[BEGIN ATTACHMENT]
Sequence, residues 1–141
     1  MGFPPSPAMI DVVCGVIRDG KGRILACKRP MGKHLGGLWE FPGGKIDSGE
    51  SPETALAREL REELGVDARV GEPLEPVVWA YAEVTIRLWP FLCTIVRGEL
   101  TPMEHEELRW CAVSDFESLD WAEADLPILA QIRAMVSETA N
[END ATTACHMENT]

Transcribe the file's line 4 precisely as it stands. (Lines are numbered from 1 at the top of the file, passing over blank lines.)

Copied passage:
   101  TPMEHEELRW CAVSDFESLD WAEADLPILA QIRAMVSETA N